3 wilberm { 01.29.13 at 11:54 am }

oh sorry…for wisconsin

4 wilberm { 01.29.13 at 11:54 am }

weather conditions for end of april 2013????

5 Aaron { 01.26.13 at 5:21 pm }

I was looking at the extended forecast for March, it looks wet but will it be wet and cold or wet and mild for the mid atlantic states?

6 Jaime McLeod { 01.24.13 at 9:11 am }

With regard to the Sun and Moon.

7 margaret { 01.23.13 at 3:42 pm }

“…..position of the planet,,,,”

wrt to what?

8 Megan Clark { 01.23.13 at 11:35 am }

Wedding Day in Owensboro Kentucky on October 19, 2013.. Do you know what the weather is going to look like.??. And in Daytona Florida on October 21-25 Weather conditions??

9 terri hurst { 01.23.13 at 11:24 am }

Planning a trip to D.C. & hoping to see the cherry trees in bloom. Thinking about the last week of March. Looks like a major storm could hit the area March 20-23rd. What are the predictions for the next week-Easter weekend?

10 Lou J Apa { 01.23.13 at 11:16 am }

For me…I wake up in the morning and see the weather “THAT IS”…I can’t do anything about it….so “que sera sera”….as they say in Paris!…lja/JMJ

11 jackie { 01.23.13 at 11:03 am }


12 Allyson { 01.23.13 at 10:37 am }

Jaime M……. can you pklease email me? Your dog looks exactly like my Kayla Ree

13 Catmandew { 01.23.13 at 10:10 am }


14 Kevin { 01.23.13 at 9:59 am }

When will the drought break in Missouri (Kansas City area) we have been experiencing very dry conditions since 2011

15 Nita { 01.23.13 at 9:56 am }

So what is the Farmers Almanac prediction for Central KY for the rest of the winter?

16 elizabeth { 01.23.13 at 9:14 am }

yes he will he always see’s his shadow ! Ha it’s 6 more weeks of winter you don’t need a groundhog to tell you that from February to March REALLY who needs a groundhog.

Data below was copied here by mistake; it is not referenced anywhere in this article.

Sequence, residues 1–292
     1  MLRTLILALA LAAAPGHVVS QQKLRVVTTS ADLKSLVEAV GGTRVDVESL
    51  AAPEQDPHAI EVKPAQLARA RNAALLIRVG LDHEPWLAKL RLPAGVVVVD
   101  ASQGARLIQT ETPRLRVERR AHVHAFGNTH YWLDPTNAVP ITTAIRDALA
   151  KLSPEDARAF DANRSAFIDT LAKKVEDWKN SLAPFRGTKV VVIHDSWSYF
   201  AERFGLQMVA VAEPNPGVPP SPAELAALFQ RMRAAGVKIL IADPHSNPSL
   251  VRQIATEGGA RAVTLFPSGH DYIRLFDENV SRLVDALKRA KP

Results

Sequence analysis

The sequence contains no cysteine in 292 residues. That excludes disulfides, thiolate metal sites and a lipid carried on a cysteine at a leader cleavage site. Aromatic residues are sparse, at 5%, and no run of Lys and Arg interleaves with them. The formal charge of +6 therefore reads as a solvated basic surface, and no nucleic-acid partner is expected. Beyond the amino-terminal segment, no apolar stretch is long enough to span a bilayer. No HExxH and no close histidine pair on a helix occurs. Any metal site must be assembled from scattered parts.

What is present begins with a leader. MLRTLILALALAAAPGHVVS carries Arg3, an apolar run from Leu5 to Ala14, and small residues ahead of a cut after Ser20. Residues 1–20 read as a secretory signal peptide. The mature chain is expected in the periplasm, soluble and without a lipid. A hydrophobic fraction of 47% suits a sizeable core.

Leave Phil alone and let him sleep…

17 Jaime McLeod { 01.23.13 at 9:58 am }

You can see our forecast here:

18 Bobbi small { 01.23.13 at 9:07 am }

Need to know weather for March 12-18 in New York area and Denver. Any way to know?

19 Laura { 01.23.13 at 8:53 am }

yes, because your prediction last winter was so accurate. (sarc)

20 regina { 01.21.13 at 2:15 pm }

Im in North Carolina and is there a big warm up coming in March? Any signs of 80-85 degree heat? Given the fact that last spring came early and strong, I think we may actually go through a slow start to spring. Similar to 2011 when cold, gray, gloomy and wet gripped ths US in March when we were looking foward to mild spring days. Winter wants payback in 2013

Leave a Comment

Note: Comments that further the discussion of the above content are likely to be approved. Those comments that are vague or are simply submitted in order to promote a product, service or web site, although not necessarily considered "spam," are generally not approved.

If you notice a hole in the upper left-hand corner of your Farmers' Almanac, don't return it to the store! That hole isn't a defect; it's a part of history. Starting with the first edition of the Farmers' Almanac in 1818, readers used to nail holes into the corners to hang it up in their homes, barns, and outhouses (to provide both reading material and toilet paper). In 1919, the Almanac's publishers began pre-drilling holes in the corners to make it even easier for readers to keep all of that invaluable information (and paper) handy.

Spring Is Here – Sign Up Today!

The Farmers' Almanac is a gardener's best friend. Get 365 days of access to our online weather and gardening calendars + a copy of the 2017 Almanac
for only $13.99 $11.99!

Subscribe Today »